"Pilgrims are persons in motion passing through territories that are not their own, seeking something we might call 'contemplation' or perhaps the word 'clarity' would do as well, a goal to which the spirit's compass points the way." Brother Pedro of Taize
When does a walk become a pilgrimage? The Cornish Celtic Way is considered a pilgrim’s way, a 125-mile walk past Celtic crosses, holy wells, and Roman churches who honor long ago travelers from other places. Some became saints because of what they did in their new locale. The pilgrimage's emblem is a spiral, like the Camino de Santiago's seashell. The Cornish Celtic Way comprises the SW Coastal Path, Coastal Path, Saints Way, and St Michael's Way. The way signs have not yet been marked with the emblem. Nigel Marns, a vicar from Ludgvan, created this new pilgrim's path called the Cornish Celtic Way that begin in St Germans and ends at St Michael's Mount, a stone’s throw from Ludgvan. Nigel sought to deepen his faith by walking and learning the history of the travelers who came to help the Celts in SW England between 400 and 700 AD. Missionary work involves hardship, poverty, and adventure. The strange tales told about these adventurous travelers found enough foothold that sainthood was bestowed on some of them.
New Horizons, New Ideas
From a 21st century perspective, I see these travelers as migrants who often escaped hardship at home (Ireland, Wales) or wanted to improve their own and other’s lives in the name of religion by exploring new horizons. St Germanus established a church and became bishop of the new religious order he brought with him, in St Germans, where our pilgrimage began.
Others were women who escaped persecution at home and just wanted to live compassionately with others. Saint Izzy was such a person. Saint Agnes was an escaped Roman martyr from the 4th century. Saint Carontoc came from Wales. He established a practice of hard work, study and care for animals. One adventurer lived on barley and pulses, showing that simple living is possible. He provided a light/beacon for lost seafarers.
Adventurer turned Pilgrim
I had no particular goal in mind for doing this pilgrimage. I intended to turn my yearly long distance walk into a more meaningful experience than a mere athletic accomplishment. When I walk I can think, I get clarity and I let the environment teach me. The landscape's beauty deepened my appreciation for life on this planet. The history revealed to me as I slept in old churches, smelled the musty stone walls, touched Celtic crosses and received the hospitality from strangers, humbled me and made me thankful for the privileges I have in life. I am a US immigrant, but I have the freedom to return to my homeland. I haven't needed to escape hardship or create a better life. I'm an adventurer with a deep love for home.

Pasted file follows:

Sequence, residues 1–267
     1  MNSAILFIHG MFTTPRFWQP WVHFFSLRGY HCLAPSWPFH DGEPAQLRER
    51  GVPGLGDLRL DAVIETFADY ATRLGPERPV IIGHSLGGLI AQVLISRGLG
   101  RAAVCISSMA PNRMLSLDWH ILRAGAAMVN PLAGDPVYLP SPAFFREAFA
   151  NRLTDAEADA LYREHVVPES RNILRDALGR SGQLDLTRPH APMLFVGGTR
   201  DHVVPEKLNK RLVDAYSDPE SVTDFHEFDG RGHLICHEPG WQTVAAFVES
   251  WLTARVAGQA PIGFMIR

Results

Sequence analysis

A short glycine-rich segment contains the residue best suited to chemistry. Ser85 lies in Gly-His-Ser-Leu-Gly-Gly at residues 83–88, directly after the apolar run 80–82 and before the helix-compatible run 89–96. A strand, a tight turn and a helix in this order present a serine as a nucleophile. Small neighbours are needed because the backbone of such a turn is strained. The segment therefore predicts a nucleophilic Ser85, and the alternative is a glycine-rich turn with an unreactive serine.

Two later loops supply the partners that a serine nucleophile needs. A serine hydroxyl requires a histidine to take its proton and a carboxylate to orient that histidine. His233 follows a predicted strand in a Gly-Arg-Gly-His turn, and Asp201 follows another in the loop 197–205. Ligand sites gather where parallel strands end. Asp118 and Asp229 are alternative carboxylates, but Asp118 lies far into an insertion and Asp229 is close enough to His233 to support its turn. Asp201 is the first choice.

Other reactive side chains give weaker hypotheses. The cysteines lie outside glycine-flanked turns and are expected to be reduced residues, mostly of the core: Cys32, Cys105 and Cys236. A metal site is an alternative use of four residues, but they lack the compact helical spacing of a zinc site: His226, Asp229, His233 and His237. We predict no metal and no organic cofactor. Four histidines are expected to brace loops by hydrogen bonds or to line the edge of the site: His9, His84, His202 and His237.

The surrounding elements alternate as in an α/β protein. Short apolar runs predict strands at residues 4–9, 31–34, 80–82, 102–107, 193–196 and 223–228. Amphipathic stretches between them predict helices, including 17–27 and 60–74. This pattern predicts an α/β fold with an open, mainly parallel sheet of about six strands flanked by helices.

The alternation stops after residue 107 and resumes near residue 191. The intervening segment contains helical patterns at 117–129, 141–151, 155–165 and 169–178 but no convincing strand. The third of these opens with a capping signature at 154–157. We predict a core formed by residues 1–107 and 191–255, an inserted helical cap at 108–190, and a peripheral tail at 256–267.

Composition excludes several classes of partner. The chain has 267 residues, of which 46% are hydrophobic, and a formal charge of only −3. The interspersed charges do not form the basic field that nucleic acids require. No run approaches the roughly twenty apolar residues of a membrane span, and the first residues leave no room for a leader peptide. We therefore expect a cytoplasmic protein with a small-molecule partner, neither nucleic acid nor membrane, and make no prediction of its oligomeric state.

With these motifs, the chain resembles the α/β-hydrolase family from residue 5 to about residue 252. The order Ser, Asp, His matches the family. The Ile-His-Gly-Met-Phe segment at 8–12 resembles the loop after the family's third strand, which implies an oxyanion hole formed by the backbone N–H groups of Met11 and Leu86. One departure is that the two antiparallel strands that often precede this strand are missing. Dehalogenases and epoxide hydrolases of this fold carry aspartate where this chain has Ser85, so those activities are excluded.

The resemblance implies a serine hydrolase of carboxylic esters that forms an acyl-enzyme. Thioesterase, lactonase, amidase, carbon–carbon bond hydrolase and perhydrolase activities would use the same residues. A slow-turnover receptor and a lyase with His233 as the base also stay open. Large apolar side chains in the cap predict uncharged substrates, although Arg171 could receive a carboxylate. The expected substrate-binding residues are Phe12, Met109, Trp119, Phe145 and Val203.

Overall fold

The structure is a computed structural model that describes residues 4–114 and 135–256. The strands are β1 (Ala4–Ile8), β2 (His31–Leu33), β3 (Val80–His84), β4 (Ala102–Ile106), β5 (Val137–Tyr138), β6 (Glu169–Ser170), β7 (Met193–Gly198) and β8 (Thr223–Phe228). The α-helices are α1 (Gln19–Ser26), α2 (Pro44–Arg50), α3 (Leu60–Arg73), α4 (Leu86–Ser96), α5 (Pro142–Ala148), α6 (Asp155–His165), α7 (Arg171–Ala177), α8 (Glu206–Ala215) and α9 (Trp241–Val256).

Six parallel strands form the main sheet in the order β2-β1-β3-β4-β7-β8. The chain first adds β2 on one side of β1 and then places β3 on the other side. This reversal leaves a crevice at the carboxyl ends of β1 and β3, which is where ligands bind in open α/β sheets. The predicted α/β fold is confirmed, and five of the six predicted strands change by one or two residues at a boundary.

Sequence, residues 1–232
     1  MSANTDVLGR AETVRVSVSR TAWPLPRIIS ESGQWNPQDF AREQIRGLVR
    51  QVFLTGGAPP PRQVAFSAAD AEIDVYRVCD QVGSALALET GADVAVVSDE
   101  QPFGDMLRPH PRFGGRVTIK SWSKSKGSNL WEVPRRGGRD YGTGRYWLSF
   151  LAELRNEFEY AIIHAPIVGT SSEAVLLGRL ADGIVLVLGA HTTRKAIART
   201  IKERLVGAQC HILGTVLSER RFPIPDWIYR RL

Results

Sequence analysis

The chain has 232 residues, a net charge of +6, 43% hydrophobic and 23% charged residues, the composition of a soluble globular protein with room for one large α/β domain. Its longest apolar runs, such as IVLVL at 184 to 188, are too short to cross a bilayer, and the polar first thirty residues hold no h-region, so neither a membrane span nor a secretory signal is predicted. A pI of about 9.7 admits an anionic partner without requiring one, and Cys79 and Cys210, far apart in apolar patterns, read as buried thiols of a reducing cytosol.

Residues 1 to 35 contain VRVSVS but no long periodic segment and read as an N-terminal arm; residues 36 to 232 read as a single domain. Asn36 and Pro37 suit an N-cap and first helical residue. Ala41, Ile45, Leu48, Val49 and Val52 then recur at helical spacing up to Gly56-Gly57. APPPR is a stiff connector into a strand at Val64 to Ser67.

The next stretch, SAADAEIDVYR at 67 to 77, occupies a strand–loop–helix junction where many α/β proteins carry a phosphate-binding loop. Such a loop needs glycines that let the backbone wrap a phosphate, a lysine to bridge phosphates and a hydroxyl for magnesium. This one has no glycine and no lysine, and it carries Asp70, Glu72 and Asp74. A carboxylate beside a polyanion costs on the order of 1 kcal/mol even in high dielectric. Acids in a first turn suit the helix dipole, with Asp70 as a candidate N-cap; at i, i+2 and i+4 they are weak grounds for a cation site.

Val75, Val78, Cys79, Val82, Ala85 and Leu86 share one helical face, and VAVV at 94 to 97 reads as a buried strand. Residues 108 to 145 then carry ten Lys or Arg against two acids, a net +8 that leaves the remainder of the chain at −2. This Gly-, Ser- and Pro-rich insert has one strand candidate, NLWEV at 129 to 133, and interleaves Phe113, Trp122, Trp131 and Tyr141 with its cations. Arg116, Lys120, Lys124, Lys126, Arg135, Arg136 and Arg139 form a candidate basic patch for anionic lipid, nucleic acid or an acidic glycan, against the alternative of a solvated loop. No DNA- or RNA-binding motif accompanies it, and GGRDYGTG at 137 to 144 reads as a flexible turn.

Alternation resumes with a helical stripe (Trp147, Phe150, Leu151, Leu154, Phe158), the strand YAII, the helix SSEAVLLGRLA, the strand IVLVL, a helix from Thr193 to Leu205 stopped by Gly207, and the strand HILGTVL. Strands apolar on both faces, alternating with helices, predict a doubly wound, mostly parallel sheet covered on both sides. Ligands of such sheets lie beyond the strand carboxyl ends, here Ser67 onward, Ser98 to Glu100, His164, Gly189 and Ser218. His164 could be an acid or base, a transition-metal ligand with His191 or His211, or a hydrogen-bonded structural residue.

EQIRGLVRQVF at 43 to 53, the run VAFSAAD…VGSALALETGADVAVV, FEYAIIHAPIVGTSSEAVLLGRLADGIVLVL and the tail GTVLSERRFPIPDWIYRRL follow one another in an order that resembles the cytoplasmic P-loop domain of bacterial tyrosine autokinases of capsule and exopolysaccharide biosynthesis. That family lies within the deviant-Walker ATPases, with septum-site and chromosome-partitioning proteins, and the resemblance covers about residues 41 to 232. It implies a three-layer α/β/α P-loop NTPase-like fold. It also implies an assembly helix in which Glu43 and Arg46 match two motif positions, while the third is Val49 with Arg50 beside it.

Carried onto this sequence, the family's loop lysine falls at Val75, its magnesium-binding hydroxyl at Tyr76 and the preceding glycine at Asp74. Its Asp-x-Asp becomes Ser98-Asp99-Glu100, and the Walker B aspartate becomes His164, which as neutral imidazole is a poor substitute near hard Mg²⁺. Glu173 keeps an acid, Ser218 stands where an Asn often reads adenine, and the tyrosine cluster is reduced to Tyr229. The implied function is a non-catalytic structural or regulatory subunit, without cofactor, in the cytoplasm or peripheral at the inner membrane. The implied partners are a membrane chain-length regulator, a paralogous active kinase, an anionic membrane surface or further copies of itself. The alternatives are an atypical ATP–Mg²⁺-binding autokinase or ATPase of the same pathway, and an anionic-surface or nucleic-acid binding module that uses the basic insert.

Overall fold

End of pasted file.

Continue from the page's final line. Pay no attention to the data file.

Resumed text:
I am home again, reflecting on what happened on my pilgrimage. Saint Carantoc spoke to me of balance between work, study and caring for others (I care for plants in the garden alternating with weeding at my daughter’s ranch, I hike the mountains; I study Buddhism and work on my writing). St. Michael assured me of his protection as a traveler and advised me to appease the demons, who are my own creation and take the form of dragons. Saint Agnes let me dream I can step through time and alter my reality by paying attention to the moment and manifesting any reality I want. Can I?
Nine days of walking, up and down rocky coastal paths, through fields and woods, with rest stops on village benches, at cafes for Cornish cream tea and coffee, on grassy headlands overlooking the Atlantic ocean. An ocean that connects my native land and my adopted country. The ocean, like a meditative mind, conceals all thoughts and feelings beneath its waves. The breakers are an expression of what lies beneath.
There was just enough hardship - long light-filled days ( the 52nd parallel at midsummer), tired legs, sometimes a hard floor to sleep on - to stir my deeper waters. There was enough spaciousness - few tourists, few hikers on the trail, grassy headlands, empty beaches, to expand my mind and let me enter a space of inner stillness. These conditions fulfilled the criteria for calling this a pilgrimage. Besides going on pilgrimage, I visited family headquarters in Holland. I am re-connected to self and those who are dear to me.
Life Goes On
Back at my outpost I pick up where I left off: living a balanced life, building community, helping others. This echoes the journey of travelers to Cornwall in the 5th and 6th century.